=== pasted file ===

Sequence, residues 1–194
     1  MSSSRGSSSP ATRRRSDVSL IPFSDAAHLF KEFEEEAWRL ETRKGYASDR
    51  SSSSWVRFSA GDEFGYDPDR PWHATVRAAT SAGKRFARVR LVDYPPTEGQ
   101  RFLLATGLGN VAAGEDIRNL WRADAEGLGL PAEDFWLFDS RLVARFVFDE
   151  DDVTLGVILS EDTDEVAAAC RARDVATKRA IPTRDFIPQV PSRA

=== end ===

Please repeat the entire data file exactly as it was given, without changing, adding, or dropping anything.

Sequence, residues 1–194
     1  MSSSRGSSSP ATRRRSDVSL IPFSDAAHLF KEFEEEAWRL ETRKGYASDR
    51  SSSSWVRFSA GDEFGYDPDR PWHATVRAAT SAGKRFARVR LVDYPPTEGQ
   101  RFLLATGLGN VAAGEDIRNL WRADAEGLGL PAEDFWLFDS RLVARFVFDE
   151  DDVTLGVILS EDTDEVAAAC RARDVATKRA IPTRDFIPQV PSRA